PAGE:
After plunging first through $1,500 per ounce and then $1,400 per ounce, gold seems to have not only reversed, but begun to trend higher, rising seven of the eight trading days since the two-day slide. Helping the rise in prices has been increased demand for physical gold by both individuals and central banks. Further aiding the recovery is that many of the short-term forces that were weighing on gold prices have either been resolved or removed. Still, you must wonder if gold prices are getting an extended dead-cat bounce before falling lower, or if a new trend is being established.
Look out below
After falling through a critical support level at $1,500, gold wasted no time dropping all the way through the next century mark at $1,400. So severe was the fall that Goldman Sachs quickly advised its customers to avoid the precious metal, pointing out that cash outflows were likely to take the commodity lower. With the investment bank's price target for gold at $1,545 for 2013, however, current prices make the metal look cheap, at least as a near-term proposition. That said, it has set its 2014 price target at $1,350, so the longer-term outlook is not great.
The impact of the Cyprus crisis shouldn't be overlooked, either. As a part of the bailout, Cyprus had to liquidate its gold positions to raise cash. This isn't expected to have a lasting effect, but it probably added to the downward pressure. Even Goldman's negative view on gold discounts the short-lived impact of these events: "With our economists expecting few ramifications from Cyprus and that the recent U.S. slowdown will not derail the faster recovery they forecast in 2H13, we believe a sharp rebound in gold prices is unlikely."
One of the effects of Cyprus and other global macroeconomic events is that the U.S. dollar strengthened. This has been a drag on gold as safe-haven capital is enticed out of the precious metal and into dollar-denominated options. All of these factors pushed down prices, but only temporarily.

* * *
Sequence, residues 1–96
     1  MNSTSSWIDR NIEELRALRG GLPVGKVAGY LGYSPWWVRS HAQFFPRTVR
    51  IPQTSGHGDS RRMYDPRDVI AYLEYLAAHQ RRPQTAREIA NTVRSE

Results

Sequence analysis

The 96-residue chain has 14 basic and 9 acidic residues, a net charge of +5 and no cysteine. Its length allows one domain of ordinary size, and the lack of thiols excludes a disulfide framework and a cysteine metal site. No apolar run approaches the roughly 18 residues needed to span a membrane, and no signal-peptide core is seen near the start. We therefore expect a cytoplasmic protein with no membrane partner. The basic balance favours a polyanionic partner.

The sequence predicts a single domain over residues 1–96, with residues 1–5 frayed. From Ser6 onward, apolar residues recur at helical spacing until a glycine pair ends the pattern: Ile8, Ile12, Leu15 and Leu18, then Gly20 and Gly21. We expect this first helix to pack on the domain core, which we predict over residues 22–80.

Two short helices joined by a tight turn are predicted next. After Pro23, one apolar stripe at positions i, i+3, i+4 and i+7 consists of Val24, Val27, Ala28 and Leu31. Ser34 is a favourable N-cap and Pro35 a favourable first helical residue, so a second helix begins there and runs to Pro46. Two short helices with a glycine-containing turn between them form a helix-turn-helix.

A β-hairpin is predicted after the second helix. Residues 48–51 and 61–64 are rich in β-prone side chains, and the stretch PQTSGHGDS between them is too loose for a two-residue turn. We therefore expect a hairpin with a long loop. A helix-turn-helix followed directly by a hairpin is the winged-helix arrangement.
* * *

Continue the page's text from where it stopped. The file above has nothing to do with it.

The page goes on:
Trending does not make a trend
Just because gold has come off its recent lows, that alone doesn't mean a new trend has started. Factors that should be considered, however, include the fact that despite the highest level of capital outflows from the SPDR Gold Trust (NYSEMKT:GLD) ever, the ETF has also recovered since the slide. There also seems to have been a structural shift going on in the past week, potentially driven by the increased demand for physical gold. Central banks have been buying bullion, and individuals have bought sufficient quantities that the U.S. Mint has temporarily halted sales of one-tenth-ounce coins.
More fundamental to the structural shift in the market is that after an extended period of underperformance by gold miners such as Goldcorp (NYSE:GG) and Newmont Mining (NYSE:NEM), this phenomenon has reversed for the time being. As of this writing, since the two-day collapse, GLD is up under 7% as compared with a rise of nearly 8.5% for Newmont and a 12.5% surge for Goldcorp. The miners are probably benefiting from the shift toward bullion. If the miners are able to reverse this market preference for gold over gold miners, it could have long-term ramifications for gold in general.
Perhaps even more critical to remember is that the recent trend is not new. Gold has been rising for the past 12 years, and it was the fall that was the aberration. If the commodity rises from here, it will simply be a continuation after a reasonable correction. The fundamentals for gold continue to look solid, but with U.S. stocks reporting strong earnings, there are some risks to consider. Ultimately, an allocation to gold remains appropriate, but it should be seen as a part of a balanced portfolio, not the sole driver of performance.
Fool contributor Doug Ehrman has no position in any stocks mentioned. The Motley Fool recommends Goldman Sachs. Try any of our Foolish newsletter services free for 30 days. We Fools don't all hold the same opinions, but we all believe that considering a diverse range of insights makes us better investors. The Motley Fool has a disclosure policy.